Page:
My Journey As A Creative Designer - Woodworking and Beyond #656: A Mini-Lesson in Production Work

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Blog entry by Sheila Landry (scrollgirl) posted 03-30-2012 11:04 AM 3629 reads 0 times favorited 5 comments Add to Favorites Watch
« Part 655: In Anticipation of Spring Part 656 of My Journey As A Creative Designer - Woodworking and Beyond series Part 657: Planning a Day of Cutting »

The sun is just coming up this morning and I can see that there is no snow on the ground. Already it is a good day.

It’s going to be one of those days which involves lots of running around, and part of me feels as if I am not going to accomplish a lot. But that is a bad attitude, and I should try to see if I can get my mindset in another direction. After all, we can’t only measure our accomplishments by the number of pieces we produce every day. We all know there is much more to it that meets the eye.

I am excited because I am taking the car to Yarmouth to get the new tires put on. After what seems to be a long time of having it parked for winter, it will be a wonderful feeling to have it back in commission again. When I got it inspected last fall, I knew that it needed new tires and I barely passed the inspection. The only reason I was able to was under the promise that I would replace the tires before spring. My mechanic knew that I planned on parking it for the winter and he trusted me on my word. I honored that trust, and besides the short trip out last week to charge up the battery, I have left it be. It gave me time to save for the new wheels and get through the holiday season without thinking about them, and also I didn’t have to buy wheels just to let the car sit for several months in the snow and cold. Fresh tires and a new season. Let the summer begin.

I have an appointment for 2pm today, which is about the crummiest time I could imagine. It is neither early or late, but with Yarmouth being a 45 minute drive away, it will successfully mess up my entire day. I am going to make the best of the broken time I will have and try to get everything I can done while I am in town. I hope to spend the weekend and start really working on cutting the kits in earnest.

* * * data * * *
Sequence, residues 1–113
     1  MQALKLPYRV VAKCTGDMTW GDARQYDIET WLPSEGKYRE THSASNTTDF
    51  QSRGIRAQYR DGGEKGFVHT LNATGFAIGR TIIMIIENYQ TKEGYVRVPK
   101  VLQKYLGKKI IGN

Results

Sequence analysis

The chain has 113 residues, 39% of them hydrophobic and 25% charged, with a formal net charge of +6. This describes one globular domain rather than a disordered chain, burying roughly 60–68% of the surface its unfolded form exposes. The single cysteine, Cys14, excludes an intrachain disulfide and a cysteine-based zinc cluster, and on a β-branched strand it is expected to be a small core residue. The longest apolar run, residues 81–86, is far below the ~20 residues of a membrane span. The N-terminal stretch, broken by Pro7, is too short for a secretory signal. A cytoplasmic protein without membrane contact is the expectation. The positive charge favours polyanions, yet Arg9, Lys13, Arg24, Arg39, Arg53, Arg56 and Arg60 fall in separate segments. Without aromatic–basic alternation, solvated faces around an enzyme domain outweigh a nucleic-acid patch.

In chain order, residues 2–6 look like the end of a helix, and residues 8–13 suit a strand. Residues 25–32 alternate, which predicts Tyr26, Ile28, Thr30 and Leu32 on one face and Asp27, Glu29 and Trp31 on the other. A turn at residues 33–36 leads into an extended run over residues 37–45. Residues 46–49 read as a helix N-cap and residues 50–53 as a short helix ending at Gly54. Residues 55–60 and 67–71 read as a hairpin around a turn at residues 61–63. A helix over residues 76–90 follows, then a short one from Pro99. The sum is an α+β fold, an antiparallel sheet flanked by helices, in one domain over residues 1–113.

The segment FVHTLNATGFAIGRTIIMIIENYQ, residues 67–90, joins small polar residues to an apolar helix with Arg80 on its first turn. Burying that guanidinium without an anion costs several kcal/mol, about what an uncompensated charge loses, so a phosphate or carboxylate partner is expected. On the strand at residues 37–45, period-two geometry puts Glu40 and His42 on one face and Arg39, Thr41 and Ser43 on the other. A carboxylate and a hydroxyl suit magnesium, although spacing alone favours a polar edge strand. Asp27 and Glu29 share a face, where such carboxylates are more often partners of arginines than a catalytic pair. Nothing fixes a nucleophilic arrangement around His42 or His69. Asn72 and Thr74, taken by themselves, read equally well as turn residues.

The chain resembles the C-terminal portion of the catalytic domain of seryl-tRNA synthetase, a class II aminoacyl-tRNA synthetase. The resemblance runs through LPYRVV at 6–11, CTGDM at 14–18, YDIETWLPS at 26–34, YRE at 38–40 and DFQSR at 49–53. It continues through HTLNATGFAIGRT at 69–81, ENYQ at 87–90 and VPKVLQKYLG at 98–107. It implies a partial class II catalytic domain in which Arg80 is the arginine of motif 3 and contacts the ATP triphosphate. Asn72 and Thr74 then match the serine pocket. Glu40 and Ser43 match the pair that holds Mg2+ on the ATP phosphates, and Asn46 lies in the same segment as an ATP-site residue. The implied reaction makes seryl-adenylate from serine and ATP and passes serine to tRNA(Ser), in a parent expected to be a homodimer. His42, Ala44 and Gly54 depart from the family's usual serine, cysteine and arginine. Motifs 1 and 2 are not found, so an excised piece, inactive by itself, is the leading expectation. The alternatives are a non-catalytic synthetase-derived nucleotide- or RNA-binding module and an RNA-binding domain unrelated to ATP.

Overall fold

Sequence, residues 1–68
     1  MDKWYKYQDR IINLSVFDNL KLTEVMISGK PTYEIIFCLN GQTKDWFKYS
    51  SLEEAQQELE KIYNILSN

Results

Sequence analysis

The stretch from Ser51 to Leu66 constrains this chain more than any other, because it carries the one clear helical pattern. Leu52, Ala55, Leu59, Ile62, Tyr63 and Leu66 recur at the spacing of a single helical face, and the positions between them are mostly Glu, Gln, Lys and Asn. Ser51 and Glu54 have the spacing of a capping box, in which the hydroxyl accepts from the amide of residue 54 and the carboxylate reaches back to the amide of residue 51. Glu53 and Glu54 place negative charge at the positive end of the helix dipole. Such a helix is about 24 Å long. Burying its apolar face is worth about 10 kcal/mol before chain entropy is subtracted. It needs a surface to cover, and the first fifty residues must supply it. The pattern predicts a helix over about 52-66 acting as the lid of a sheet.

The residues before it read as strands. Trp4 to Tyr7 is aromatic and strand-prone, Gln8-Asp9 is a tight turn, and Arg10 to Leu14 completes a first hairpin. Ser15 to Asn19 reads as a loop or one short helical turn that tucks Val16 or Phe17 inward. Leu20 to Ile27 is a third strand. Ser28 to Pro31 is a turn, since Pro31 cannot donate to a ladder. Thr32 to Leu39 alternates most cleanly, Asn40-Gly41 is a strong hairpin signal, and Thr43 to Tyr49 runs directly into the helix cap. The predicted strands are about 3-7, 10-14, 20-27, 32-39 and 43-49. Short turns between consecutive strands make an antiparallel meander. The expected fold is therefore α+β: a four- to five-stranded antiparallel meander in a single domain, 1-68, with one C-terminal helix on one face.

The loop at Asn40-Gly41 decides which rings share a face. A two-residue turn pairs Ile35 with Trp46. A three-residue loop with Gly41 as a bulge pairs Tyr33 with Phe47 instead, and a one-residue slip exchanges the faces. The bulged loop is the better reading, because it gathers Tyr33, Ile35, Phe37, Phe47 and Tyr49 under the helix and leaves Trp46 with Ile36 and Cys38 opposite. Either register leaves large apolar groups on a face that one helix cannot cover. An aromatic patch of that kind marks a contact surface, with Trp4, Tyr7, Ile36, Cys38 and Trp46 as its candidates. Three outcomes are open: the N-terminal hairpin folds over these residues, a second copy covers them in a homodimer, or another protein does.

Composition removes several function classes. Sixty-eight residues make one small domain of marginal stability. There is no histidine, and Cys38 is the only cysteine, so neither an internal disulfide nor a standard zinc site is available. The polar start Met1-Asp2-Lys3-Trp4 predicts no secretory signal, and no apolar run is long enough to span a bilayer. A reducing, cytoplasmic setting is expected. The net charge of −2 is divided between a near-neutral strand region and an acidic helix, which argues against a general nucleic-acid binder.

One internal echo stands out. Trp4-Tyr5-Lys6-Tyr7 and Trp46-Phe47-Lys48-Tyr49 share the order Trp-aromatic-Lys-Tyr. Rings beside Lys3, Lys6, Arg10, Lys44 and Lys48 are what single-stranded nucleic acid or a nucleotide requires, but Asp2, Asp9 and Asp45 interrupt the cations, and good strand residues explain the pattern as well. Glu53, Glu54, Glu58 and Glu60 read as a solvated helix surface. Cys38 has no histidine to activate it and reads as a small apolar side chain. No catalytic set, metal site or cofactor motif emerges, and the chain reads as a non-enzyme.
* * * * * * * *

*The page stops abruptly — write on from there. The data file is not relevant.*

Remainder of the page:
Yesterday, I set up the production of the cutting fairly well. While there are many methods of stack cutting (cutting more than one layer of wood at a time) that I can use, I chose to use the hot glue method for this amount of work. This turned out to be the quickest and most effective way to hold the pieces together, and after testing them out, I think it is also the most accurate. (My partner Keith wrote an article that we have on our site called “Stack Cutting for the Scroll Saw” if you are interested in reading about the different methods.)

Since the 10” square pieces were all uniform and a bit larger than the pattern pieces, I found that the best way to hold them together was to just put a small drop of glue on each corner with the glue gun. The results were a neat layered piece of wood that was small enough to maneuver easily on the saw, yet large enough to hold about a dozen pieces:

I cut an entire piece of wood, cutting all 12 pieces and making sure that the frame would still hold together well for the last pieces and no shifting would occur. After I was finished, I wound up with this:

Four small dots of glue on each corner held the pieces together beautifully! I was ready to really get to work now.

I wanted to mention that even though I have been doing this for many years, I still took the time to test this one piece first and make sure that the method that I was using would work well. In many of my pattern packets, I use the phrase “test cut first” or “try this out first and adjust ” and sometimes I honestly think that people just skim right over that part and jump head on into the project. Can you imagine if I glued all the boards together and then went to cut the first one only to find that as I eliminated pieces, the wood shifted and I was unable to cut the remaining pieces out correctly??? It would be a disaster, as below is a picture of the number of pieces that I am working with:

Taking the time to do things right and TEST your methods is truly essential in the success of any project you do – even one as simple as this. I can’t stress that enough! The little extra time you take may save you hours of work and countless dollars of materials, and also make the process so much more fun and stress free. I hope you all remember that on your next projects!

Once I finished the test pieces, I proceeded in gluing the first set of boards together. This was enough for the first 100 patterns and took me a little bit. I wanted to do all the hot gluing at once, so I didn’t have to leave the glue gun on longer than necessary. When all was done, I printed out the appropriate number of pattern sheets. I decided to apply the patterns to only one sheet at a time, because it gave me a chance to get up and walk around for a minute in between sheets of cutting. This change in movement from cutting would not only alleviate the stress on my arms and back, but help me stay focused when I was back at the saw, too.